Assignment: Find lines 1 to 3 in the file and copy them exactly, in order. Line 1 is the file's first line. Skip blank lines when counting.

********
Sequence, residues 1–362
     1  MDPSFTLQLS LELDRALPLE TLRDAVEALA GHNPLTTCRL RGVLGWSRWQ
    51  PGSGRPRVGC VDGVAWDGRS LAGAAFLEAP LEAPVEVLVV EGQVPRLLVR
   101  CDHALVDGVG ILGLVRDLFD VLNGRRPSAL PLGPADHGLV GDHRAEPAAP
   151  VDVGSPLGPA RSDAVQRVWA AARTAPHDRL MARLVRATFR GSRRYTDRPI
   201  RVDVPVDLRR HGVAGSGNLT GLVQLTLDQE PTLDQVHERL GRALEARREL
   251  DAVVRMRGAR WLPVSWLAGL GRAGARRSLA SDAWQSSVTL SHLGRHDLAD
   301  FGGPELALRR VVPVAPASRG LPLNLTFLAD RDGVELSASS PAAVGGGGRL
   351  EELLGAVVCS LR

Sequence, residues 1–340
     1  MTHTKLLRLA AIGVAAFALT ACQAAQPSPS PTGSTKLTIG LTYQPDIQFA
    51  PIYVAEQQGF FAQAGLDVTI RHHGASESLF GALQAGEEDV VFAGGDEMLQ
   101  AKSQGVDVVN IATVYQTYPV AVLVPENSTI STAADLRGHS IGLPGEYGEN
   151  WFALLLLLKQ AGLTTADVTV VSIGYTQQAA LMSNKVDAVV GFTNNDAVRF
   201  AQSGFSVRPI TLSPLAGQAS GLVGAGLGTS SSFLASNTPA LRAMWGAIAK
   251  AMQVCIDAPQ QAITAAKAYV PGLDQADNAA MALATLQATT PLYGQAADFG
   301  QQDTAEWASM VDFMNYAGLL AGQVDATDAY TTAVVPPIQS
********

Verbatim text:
Sequence, residues 1–362
     1  MDPSFTLQLS LELDRALPLE TLRDAVEALA GHNPLTTCRL RGVLGWSRWQ
    51  PGSGRPRVGC VDGVAWDGRS LAGAAFLEAP LEAPVEVLVV EGQVPRLLVR